Beautiful Guitar Strumming Patterns You Must Know

Beautiful Guitar Strumming Patterns You Must Know

As a guitar player, you need to develop your guitar strumming hand to play in-sync with a beat. Rhythm is so important to get to grips with early on so your rhythm will be seamless and second nature, like breathing (or is that first nature?).

You will have the chance to play along with my “online band” back on the beginner guitar lessons page to really test your rhythmic playing and guitar strumming!

The strumming pattern you use determines several things, but the most important is when to change chords.

I’m going to take you through 4 different strumming patterns, each one progressively more complex, but an essential foundation of rhythmic guitar strumming. You’ll be learning upstrokes and downstrokes with your plectrum (or “pick”).

The first essential pointer is to relax your strumming hand. A tense hand will sound like it is – rigid. Plus, a relaxed hand is more rhythmically versatile. Almost let momentum carry the strumming hand up and down.

A way to tell if you’re doing it right is to check your wrist is doing most of the work here. Your arm should support the movement, but your wrist joint should provide the leverage for the strumming.

If you’re playing an acoustic, strike the strings over the sound hole, a little more towards the neck of the guitar.

If you’re playing an electric especially for any of the unique father daughter dance songs, the positioning is the same, but you’ll be strumming over the first pickup.

Guitar Strumming Pattern 1

For this exercise, no wait, I hate that word! For this…section, I want you to play along using the A major chord.

We’re going to start with a simple downstroke pattern. I want you to count in groups of 4 to help you keep your rhythm and perhaps put more emphasis on your guitar strumming on beat number 1.

Each arrow pointing down represents one downward (towards your legs) strum of the guitar – in this case, each strum is downwards.

That’s a simple 4/4 guitar strumming rhythm used commonly in rock and pop music (not important to know that).

Now, onwards and upwards…

Guitar Strumming Pattern 2 – Making Things a Little More Interesting!

Once you’ve mastered the basic guitar strumming rhythm and you think you have a solid timing you should learn to combine those downstrokes with upstrokes for a more accessible rhythm.

Still playing the A major chord, let’s look at our next strumming pattern.

I know this sounds really lame, but play the A major chord and sing along with the “1 and 2 and 3 and 4 and 1 etc.”

You’re basically filling in that small gap in between those initial downstrokes with an upstroke. This adds some movement to the rhythm.

Notice how I’ve put emphasis on the downstrokes – this supports that strong 4/4 rhythm, especially in rock n roll songs.

The guitar clearly sounds more percussive and versatile thanks to those added upstrokes.

Ok, if you’re following this, you’re doing great. It’s time to move on another step…

Guitar Strumming Pattern 3 – Skipping a Beat

First – for this pattern I’m using the G major chord.

You’ve heard of that cheesy phrase “my heart skipped a beat” – well to add a little spice to your guitar strumming rhythm you can consistently leave out a beat in the bar.

Say it to yourself: “one two – two, one two – two” but strum the air with your strumming hand like you did with pattern 2 (the rhythmic motion of 1 2 3 4). Take a breath in between the two twos!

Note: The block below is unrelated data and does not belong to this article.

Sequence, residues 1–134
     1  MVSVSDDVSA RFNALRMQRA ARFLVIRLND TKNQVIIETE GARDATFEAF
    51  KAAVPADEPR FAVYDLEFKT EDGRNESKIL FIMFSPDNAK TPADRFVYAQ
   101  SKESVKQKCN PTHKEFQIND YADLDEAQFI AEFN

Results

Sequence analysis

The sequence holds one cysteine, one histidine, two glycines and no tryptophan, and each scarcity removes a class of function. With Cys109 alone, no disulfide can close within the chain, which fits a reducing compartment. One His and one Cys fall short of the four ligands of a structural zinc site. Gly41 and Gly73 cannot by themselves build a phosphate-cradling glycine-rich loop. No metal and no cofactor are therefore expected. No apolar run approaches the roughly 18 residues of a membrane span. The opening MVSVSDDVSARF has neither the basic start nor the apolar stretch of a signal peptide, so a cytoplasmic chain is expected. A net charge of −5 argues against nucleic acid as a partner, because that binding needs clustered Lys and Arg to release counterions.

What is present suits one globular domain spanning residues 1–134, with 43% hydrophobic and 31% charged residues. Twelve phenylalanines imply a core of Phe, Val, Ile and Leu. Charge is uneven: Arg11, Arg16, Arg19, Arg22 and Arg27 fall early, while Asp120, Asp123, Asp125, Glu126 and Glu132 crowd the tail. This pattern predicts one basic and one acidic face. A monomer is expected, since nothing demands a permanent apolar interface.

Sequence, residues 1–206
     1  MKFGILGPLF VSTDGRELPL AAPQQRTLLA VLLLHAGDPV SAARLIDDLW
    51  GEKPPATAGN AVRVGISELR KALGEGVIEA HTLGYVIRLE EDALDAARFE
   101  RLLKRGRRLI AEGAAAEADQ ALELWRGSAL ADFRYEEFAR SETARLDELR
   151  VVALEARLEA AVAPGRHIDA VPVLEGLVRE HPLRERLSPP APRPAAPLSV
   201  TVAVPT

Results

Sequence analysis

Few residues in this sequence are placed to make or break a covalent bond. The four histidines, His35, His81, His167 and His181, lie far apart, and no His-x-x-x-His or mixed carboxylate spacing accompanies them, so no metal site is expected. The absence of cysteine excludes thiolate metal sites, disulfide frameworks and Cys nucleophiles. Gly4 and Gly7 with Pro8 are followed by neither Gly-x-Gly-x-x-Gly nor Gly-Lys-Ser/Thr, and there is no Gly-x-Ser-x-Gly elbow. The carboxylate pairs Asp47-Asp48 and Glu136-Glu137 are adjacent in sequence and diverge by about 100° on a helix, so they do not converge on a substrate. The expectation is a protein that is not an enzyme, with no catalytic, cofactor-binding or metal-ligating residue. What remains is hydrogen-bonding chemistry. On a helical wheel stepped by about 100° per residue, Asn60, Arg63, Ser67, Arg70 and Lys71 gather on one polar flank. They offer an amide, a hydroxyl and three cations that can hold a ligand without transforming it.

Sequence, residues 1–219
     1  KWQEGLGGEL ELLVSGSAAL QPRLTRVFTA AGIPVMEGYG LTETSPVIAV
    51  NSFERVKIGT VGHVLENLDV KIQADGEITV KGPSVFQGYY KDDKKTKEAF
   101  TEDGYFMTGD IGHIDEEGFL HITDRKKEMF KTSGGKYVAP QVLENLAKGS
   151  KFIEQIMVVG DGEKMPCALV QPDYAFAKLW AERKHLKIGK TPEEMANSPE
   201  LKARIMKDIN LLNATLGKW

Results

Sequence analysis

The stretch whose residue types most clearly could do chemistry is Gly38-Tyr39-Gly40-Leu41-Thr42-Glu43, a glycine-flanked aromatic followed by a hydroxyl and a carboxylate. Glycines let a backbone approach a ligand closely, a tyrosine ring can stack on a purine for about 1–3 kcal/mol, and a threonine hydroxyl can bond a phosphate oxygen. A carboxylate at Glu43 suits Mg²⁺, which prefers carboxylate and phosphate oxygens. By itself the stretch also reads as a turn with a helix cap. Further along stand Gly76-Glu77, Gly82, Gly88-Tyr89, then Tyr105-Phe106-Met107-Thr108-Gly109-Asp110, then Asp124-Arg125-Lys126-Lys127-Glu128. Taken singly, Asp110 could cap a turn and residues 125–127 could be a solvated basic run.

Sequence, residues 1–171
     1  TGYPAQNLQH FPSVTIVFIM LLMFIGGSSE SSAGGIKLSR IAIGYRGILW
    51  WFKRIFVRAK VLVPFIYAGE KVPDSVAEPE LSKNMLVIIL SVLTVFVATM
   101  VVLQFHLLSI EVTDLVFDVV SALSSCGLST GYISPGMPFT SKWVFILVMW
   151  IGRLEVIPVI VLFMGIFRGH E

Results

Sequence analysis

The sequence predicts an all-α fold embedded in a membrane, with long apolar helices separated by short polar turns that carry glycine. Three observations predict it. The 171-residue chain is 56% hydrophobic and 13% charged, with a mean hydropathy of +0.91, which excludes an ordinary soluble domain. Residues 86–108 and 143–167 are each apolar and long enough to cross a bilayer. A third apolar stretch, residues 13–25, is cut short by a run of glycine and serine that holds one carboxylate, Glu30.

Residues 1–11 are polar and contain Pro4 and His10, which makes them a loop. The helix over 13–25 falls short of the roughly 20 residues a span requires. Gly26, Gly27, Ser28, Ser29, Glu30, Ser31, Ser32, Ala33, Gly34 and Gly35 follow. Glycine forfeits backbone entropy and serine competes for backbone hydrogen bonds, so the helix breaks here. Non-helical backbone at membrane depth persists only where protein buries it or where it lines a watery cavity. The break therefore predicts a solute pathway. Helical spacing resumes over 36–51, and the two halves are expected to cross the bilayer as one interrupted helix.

Look at the diagram – where the X lies just mimic a downstroke, don’t actually play it. All you are really doing here is what you did in the second strumming pattern but taking out a downstroke every three beats.

This one will take a little more practise if you’ve just started to learn, but start off slow, work from the first strumming pattern again if you lose your rhythm and keep building on it.

The next step is to just combine the two last guitar strumming patterns together to create a kind of alternate rhythm (still within 4/4 rock n roll though!)

Guitar Strumming Pattern 4 – The 4/4 Combo

I’m using the D Major chord for this example as detailed below if you’re still learning chords…

Some really well written songs with interesting chords can keep the same rhythm all throughout and not become boring, but it helps to liven up the rhythmic aspect of any music

See how they fit together? With this particular time sig, everything’s done in groups of 4, so changes are made to coincide with the start of a new 1 2 3 4…

Ok, so it’s not really a rhythm you would attach to your next number one smash hit record, but it’s good to learn rhythm variations to get your guitar strumming hand coordination up to scratch.

How About Inventing Your Own Rhythms?

Draw out a diagram similar to the ones you’ve seen on this page with up and down arrows representing the up and down strokes, plus any symbols you want to attach to a certain rhythm characteristic.

Try taking out beats constantly, e.g. every 4th beat do the normal upstroke but don’t hit the strings to “miss that beat”.

Keep the rhythm constant so your hands will stay in sync with what’s going on.

If you feel like you’re losing the timing, think back to that second pattern, 1 2 3 4, up down up down – keep that strong 4/4 rhythm branded in your mind to start with.

You can look at more complex strumming patterns and time signatures in other areas of this site for genres like funk, jazz and heavy metal!

Experiment with guitar strumming patterns and see if you can change it for what may be the bridge or chorus of a possible song (rhythmically). The more comfortable and relaxed you feel, the better.

Need More Beginner Guitar Lessons?

Use the “Beginners” link on the left column or use the links below.

Keep at it!

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